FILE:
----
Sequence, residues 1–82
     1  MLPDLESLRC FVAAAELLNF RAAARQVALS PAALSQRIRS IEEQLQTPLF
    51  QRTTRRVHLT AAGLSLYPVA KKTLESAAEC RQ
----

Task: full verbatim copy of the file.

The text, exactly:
Sequence, residues 1–82
     1  MLPDLESLRC FVAAAELLNF RAAARQVALS PAALSQRIRS IEEQLQTPLF
    51  QRTTRRVHLT AAGLSLYPVA KKTLESAAEC RQ